Philadelphia— Department of Human Services Commissioner, Anne Marie Ambrose will honor Logan Elementary fourth grade teacher Jasmine Williams and her class today during a school assembly. As school draws to a close, most fourth graders are cleaning out their desks and longing for summer vacation to begin. But this very special fourth grade class is hard at work, saving the lives of other children.
When Jasmine Williams’ class learned about children affected by abuse, including two of their own classmates, they decided, “enough is enough!” and took matters into their own hands. After thoroughly researching the topic and meeting with staff from the Philadelphia Department of Human Services who provided information about the causes and effects of child abuse, this group of nine-year old advocates decided to make a public service announcement and develop a play about child abuse to perform for their school community and a neighboring elementary school.“What these young people have done is extraordinary. Their words are compelling and the message is powerful” says DHS Commissioner Anne Marie Ambrose.
The class project was part of a partnership with the non profit group Need in Deed. The organization contracts with schools to train teachers. They in turn enlisted the help of their community partner, Comcast Interactive Media, whose employees pooled their resources to help out. The Comcast employees called a producer for the children's television company Sprout, who agreed to lend her expertise. She worked with the students from concept through storyboard and script. A video crew from Comcast shot the PSA and Sprout did the final editing.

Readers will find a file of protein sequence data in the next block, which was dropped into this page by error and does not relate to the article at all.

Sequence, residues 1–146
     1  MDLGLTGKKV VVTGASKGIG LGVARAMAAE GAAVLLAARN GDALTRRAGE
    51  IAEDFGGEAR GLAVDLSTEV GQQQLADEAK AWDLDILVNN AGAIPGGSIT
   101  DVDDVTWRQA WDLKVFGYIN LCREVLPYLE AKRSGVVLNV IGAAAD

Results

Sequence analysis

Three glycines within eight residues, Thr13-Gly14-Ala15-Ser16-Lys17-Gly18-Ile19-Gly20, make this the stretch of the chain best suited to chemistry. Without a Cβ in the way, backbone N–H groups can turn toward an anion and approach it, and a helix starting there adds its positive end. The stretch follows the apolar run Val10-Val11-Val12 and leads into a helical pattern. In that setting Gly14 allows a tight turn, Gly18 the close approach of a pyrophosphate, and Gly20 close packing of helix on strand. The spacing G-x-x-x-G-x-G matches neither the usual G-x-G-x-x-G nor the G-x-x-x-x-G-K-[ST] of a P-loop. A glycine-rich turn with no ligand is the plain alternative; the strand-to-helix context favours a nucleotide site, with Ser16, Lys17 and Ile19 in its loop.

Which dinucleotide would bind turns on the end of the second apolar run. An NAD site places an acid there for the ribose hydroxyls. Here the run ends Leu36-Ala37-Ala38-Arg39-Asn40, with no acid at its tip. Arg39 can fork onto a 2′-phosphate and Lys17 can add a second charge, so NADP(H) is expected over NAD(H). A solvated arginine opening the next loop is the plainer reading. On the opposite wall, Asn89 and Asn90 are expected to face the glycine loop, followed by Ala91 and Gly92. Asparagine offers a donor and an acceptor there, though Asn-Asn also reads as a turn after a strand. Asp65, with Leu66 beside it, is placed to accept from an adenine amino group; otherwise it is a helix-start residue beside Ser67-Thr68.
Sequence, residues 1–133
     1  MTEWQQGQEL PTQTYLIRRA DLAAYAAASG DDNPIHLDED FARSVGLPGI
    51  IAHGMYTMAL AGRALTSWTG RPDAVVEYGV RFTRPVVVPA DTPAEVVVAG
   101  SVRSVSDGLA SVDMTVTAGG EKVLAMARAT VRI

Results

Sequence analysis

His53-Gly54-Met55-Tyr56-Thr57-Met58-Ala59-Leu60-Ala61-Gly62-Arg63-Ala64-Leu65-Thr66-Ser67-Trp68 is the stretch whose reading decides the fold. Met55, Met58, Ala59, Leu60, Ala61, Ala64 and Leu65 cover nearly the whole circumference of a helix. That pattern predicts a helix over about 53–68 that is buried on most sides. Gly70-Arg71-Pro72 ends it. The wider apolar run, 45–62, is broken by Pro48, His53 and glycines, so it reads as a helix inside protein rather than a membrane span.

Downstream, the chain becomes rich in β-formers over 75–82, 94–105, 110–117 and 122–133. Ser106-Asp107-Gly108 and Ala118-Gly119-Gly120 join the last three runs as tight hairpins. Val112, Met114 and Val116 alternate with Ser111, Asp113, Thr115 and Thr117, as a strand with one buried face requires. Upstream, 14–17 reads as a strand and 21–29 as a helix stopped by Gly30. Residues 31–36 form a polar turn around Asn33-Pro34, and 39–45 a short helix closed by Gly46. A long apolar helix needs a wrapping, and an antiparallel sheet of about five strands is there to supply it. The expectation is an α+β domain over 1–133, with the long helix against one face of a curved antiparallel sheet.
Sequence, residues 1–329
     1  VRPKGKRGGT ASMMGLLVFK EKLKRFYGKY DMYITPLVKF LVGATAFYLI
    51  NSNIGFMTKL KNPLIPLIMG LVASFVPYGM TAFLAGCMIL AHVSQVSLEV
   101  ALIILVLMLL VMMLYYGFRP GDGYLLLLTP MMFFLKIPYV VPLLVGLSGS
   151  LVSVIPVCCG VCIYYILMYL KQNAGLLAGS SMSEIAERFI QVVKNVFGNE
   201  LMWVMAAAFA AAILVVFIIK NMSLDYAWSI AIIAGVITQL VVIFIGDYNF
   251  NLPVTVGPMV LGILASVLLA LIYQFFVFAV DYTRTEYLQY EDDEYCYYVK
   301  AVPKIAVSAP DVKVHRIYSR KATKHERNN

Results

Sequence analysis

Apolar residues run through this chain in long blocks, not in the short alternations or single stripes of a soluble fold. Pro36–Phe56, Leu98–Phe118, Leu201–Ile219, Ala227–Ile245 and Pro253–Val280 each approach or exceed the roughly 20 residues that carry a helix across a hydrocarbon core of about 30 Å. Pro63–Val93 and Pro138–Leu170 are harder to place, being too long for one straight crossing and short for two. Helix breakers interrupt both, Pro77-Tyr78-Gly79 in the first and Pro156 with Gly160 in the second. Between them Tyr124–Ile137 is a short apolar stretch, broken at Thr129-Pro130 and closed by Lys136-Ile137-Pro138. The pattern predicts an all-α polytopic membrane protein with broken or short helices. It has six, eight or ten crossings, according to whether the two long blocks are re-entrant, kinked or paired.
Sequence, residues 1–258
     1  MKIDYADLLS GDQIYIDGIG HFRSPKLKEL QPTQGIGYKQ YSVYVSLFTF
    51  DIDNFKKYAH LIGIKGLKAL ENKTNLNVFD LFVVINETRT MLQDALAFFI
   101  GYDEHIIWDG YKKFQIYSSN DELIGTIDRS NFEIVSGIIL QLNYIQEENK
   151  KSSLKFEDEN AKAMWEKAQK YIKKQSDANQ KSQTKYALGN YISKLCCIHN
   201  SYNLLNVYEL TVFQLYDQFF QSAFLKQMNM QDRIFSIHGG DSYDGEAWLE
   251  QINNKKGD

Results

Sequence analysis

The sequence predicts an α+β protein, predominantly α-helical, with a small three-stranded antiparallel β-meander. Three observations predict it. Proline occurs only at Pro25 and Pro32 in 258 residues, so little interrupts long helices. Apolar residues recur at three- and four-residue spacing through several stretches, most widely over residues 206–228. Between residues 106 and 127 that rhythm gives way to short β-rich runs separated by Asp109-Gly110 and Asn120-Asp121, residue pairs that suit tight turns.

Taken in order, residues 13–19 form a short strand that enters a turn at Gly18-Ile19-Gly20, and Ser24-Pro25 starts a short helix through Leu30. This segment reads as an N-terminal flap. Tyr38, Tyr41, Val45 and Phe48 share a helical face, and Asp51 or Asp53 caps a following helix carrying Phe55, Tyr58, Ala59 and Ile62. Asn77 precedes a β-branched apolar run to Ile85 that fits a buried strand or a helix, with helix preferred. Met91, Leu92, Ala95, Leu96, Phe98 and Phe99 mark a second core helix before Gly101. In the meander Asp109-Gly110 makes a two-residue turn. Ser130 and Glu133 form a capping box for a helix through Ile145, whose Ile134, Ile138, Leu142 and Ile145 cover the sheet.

Ms. Williams and her students were amazed by the quality of the finished product, which was screened before the three performances of their play. The PSA was so impressive it won an award for Outstanding Project at an award ceremony sponsored by Need in Deed, an organization that prepares youth for civic responsibility.
While the class has enjoyed the recognition and award, their compelling work has had an even more profound outcome. After watching the performance and PSA, a child from a neighboring elementary school, found the courage to report the abuse she had been silently suffering to her teacher.
“The most important way we as a city can ensure the safety of our children is to take a stand against child abuse,” said Ambrose. “These extraordinary young people have demonstrated that every resident, no matter who they are or how old they are, has a voice and can make an enormous difference.”
Ambrose urged all citizens who suspect a child they know is being abused to call DHS’ 24-hour child abuse hotline at 215-683-6100.On behalf of DHS and the City of Philadelphia, Ambrose will present Miss Williams and her class with certificates and present a screening of their PSA and play. The event took place today at 12:15 at Logan Elementary School, 1700 Lindley Ave, Philadelphia, PA 19141.